Cordelia and boyfriends: So, here's a thing. Cordelia is probably the canon character that I relate to the absolute least, and that includes the males, demons, and Miss Edith. But her routine about how to reel in a guy with your active listening? I do that. Just not to reel in guys. I can't help it. I've convinced myself that what people want is someone who looks like she's paying attention and impressed by your humor, and since it's not altogether easy to cultivate that impression, I work at it fairly hard during most conversations. And, just like Cordelia, I often miss everything that the person actually said to me, because hell if I can appear to be listening and also listen at the same time. The exaggerated laugh is part of it. Mine is more convincing than Cordy's, but it's not usually genuine. Most people aren't funny; I can't help that.
Anyway, this episode adds one to the pile for Cordelia's failed romances. He doesn't die, but it's kinda worse than that. I feel sorry for her, and that might be just because I can finally empathize. She's not naturally shy like I am, so it's not a simple case of nerves for her, but both of us have a goal, and the goal is for people to like us. For Cordy, it's especially important for wealthy attractive men to like her, because whether or not she'll admit it at this point, her plan is to marry one and secure her lifetime wealth and (she assumes) happiness. I'm not judging her for this. I can't. She's preparing for the future in her own way, and it happens to involve dating rather than choosing a career. So what?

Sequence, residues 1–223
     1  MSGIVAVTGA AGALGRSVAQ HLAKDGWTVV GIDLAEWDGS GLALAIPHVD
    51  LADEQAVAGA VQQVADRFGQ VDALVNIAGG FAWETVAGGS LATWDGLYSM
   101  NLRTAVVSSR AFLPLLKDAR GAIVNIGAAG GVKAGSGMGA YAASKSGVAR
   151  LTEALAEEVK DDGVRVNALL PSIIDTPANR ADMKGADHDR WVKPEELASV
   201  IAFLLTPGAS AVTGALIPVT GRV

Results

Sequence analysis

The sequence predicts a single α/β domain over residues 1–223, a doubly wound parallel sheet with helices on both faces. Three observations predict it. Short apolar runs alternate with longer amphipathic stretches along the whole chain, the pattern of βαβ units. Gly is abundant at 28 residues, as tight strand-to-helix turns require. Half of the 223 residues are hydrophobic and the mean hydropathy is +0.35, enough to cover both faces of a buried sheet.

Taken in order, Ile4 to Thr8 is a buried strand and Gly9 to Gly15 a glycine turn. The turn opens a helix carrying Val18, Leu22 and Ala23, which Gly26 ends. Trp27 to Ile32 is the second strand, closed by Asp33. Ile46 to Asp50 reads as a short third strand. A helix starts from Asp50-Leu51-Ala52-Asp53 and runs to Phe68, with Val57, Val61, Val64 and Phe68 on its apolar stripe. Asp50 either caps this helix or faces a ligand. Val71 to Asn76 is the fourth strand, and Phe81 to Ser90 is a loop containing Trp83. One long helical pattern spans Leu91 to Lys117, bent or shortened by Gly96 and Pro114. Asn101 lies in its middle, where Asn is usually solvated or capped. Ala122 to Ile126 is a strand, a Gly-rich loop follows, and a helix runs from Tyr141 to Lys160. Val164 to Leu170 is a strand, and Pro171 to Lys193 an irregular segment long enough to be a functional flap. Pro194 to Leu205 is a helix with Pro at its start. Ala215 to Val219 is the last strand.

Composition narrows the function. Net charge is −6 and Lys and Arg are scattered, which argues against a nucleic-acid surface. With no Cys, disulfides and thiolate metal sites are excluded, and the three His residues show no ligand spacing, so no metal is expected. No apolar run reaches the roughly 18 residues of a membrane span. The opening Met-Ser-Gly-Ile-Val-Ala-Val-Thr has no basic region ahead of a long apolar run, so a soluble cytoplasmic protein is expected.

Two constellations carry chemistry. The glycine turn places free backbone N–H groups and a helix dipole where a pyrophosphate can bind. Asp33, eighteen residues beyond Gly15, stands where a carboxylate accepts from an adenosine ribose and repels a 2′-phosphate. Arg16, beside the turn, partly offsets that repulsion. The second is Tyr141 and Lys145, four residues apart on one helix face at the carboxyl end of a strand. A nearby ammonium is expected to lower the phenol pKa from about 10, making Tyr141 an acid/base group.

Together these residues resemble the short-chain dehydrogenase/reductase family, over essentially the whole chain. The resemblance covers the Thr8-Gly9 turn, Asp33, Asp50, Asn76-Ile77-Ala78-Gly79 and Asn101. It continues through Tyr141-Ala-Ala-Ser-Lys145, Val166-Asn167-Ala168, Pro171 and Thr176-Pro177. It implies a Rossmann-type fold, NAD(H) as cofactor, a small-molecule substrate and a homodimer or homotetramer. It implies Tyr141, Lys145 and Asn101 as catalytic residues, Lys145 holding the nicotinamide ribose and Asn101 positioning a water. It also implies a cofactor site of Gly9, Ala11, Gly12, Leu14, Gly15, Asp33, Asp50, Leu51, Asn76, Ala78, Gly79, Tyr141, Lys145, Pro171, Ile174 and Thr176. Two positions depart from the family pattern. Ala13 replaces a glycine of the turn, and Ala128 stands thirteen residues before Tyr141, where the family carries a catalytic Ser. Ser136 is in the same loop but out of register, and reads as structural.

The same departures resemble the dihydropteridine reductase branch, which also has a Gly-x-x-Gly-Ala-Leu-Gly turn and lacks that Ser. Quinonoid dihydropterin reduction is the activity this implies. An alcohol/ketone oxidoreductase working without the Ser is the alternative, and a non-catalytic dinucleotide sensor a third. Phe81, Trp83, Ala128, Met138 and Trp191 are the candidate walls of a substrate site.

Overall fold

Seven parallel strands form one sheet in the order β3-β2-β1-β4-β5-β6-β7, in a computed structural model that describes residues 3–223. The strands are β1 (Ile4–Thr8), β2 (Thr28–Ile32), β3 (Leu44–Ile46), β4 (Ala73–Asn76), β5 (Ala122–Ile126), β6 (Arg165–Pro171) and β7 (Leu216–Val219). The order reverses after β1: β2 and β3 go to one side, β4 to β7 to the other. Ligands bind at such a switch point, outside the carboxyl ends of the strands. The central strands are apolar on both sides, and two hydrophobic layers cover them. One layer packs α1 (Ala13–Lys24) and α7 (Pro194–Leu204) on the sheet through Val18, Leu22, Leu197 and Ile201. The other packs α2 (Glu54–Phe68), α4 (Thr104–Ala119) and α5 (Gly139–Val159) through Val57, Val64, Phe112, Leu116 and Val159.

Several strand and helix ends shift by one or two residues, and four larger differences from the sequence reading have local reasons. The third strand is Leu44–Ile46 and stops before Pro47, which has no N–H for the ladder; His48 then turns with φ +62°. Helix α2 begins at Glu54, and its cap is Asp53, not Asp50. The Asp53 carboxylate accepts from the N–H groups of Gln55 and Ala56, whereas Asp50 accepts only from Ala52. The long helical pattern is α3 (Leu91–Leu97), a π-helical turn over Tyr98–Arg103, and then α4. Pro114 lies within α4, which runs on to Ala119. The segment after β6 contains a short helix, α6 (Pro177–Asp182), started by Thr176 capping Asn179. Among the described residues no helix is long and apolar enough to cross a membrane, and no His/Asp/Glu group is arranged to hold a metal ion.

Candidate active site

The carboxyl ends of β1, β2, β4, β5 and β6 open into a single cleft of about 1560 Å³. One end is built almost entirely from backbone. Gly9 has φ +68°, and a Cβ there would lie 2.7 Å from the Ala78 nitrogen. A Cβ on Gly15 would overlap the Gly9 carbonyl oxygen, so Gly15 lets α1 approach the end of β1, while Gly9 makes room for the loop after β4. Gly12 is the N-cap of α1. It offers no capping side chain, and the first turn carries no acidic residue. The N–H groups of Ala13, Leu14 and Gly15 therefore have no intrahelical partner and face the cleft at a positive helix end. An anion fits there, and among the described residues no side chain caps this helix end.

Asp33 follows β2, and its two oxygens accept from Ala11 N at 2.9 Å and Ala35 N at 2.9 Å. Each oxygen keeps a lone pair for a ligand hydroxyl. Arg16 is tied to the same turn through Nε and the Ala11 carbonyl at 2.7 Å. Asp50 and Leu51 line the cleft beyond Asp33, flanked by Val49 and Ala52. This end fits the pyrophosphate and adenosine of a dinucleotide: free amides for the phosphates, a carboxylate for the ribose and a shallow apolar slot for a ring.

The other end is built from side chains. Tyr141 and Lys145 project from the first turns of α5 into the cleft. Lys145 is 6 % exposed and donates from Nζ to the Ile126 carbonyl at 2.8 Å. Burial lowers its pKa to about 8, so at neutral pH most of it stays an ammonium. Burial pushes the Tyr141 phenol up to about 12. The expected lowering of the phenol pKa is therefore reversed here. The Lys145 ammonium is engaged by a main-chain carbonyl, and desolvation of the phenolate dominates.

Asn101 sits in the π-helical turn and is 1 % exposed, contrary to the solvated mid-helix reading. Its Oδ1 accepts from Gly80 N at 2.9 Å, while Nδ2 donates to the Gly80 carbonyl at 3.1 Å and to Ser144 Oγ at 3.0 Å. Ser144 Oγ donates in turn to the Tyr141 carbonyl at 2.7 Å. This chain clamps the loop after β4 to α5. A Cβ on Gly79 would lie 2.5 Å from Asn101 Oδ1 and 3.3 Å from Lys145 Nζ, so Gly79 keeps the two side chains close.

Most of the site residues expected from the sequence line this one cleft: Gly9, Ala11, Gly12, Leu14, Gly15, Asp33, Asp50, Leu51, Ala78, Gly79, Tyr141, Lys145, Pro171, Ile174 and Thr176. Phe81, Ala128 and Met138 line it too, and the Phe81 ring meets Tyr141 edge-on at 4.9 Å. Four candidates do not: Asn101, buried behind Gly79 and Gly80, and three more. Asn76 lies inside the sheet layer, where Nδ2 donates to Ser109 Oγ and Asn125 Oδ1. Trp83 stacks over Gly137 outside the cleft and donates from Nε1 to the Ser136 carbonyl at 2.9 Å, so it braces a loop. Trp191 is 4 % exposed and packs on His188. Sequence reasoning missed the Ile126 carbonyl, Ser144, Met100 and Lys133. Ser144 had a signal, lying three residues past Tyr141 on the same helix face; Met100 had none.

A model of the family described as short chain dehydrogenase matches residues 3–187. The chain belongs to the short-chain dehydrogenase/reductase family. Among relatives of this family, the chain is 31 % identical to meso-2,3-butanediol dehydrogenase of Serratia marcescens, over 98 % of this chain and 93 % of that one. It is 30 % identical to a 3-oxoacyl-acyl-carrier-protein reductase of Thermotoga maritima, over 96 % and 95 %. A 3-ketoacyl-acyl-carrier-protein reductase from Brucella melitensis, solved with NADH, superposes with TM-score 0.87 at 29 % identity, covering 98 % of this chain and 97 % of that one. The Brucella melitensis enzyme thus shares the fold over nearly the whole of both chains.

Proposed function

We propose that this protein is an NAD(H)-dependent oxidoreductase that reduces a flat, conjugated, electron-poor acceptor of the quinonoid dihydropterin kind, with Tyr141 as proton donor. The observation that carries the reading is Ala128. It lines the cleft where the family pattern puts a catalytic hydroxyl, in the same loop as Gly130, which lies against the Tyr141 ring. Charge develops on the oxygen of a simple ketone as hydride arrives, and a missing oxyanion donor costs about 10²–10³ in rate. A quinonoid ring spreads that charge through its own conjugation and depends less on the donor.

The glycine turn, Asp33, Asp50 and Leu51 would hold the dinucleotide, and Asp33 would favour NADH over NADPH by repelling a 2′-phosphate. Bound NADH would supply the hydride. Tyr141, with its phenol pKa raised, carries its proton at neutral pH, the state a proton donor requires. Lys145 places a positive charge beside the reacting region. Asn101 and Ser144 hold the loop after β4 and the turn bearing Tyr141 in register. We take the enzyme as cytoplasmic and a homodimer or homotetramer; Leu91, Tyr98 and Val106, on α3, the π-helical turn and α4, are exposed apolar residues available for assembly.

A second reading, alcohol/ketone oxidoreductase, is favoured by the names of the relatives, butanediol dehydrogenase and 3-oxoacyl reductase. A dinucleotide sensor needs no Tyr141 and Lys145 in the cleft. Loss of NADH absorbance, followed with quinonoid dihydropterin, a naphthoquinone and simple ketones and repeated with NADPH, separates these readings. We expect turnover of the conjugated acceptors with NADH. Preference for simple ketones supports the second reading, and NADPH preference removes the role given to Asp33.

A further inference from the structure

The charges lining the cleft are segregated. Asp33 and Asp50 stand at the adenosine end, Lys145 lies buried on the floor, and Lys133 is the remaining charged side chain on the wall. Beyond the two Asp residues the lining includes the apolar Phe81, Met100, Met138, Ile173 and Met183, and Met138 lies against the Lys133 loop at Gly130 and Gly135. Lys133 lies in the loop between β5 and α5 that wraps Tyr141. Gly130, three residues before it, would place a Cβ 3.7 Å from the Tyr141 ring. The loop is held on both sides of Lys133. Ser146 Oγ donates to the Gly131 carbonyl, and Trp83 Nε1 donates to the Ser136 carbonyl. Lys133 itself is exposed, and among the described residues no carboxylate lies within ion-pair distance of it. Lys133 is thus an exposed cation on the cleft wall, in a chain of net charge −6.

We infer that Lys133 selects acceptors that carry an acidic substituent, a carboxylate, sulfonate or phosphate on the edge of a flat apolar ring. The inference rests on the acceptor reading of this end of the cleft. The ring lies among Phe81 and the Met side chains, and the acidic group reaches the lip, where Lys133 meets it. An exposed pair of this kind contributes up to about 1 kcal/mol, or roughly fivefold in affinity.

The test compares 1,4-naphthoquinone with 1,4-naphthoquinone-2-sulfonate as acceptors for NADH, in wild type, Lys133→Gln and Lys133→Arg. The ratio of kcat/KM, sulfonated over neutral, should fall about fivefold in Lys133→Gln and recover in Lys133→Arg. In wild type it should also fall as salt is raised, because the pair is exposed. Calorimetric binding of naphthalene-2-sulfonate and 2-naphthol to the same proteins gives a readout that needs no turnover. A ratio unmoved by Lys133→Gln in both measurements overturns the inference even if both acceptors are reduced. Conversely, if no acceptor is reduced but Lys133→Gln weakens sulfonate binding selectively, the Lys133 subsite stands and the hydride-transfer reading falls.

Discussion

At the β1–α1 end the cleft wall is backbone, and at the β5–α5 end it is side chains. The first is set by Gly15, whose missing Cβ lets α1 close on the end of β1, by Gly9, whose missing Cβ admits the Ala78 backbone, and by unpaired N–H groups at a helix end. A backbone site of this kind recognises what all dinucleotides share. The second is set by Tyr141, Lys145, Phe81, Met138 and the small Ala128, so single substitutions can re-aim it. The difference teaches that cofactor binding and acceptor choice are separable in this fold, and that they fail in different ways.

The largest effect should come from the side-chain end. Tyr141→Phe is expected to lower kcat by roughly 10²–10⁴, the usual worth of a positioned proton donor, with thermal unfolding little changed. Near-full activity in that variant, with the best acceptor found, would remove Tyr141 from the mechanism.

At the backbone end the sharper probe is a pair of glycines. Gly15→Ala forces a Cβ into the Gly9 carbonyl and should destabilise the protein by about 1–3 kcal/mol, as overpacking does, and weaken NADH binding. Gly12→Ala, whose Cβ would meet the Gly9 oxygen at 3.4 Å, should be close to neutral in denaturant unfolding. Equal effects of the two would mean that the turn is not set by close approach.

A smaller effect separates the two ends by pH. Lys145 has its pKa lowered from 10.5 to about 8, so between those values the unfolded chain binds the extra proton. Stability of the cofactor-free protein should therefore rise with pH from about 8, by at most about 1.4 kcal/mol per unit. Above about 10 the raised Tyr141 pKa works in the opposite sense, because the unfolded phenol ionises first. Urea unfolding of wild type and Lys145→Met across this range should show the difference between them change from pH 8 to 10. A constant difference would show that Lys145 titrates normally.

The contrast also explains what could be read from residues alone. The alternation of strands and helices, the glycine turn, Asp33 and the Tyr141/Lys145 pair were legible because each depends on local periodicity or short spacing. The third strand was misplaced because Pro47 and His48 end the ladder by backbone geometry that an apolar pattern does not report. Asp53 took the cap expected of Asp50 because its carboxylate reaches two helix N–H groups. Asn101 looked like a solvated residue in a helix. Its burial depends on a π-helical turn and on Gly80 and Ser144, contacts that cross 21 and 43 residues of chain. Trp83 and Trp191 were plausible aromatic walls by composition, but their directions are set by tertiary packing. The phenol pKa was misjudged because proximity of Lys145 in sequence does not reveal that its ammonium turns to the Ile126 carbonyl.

The hole in the plan, of course, is revealed right within the episode. Wealthy rich men aren't necessarily good husbands. Indeed, some of them could make your life a living hell (or feed you to a giant snake, whatever). Cordy's task is a lot more difficult than she realizes. If she knew that she wasn't shallow enough to require more than money to make her happy, she'd probably turn her sights to another kind of man - or away from dating altogether. Either way, she would have to lose the fake laugh routine; that won't attract the right kind of person to share her life with. Right now, she still thinks she's shallow, but she'll spend the season realizing she isn't, and for her, it's a theme that will continue for as long as we're watching her.
Of course, we can note right now that she enjoys talking to Xander, and vice versa. Oh come on! It would have been so easy to ignore him, but no, she banters.
You know, the hours I've spent actually watching this show are so limited that when I look at Cordy talking to this girl, I still think, "Whoa! Is that Amy?"
...Seriously, doesn't she look like Amy?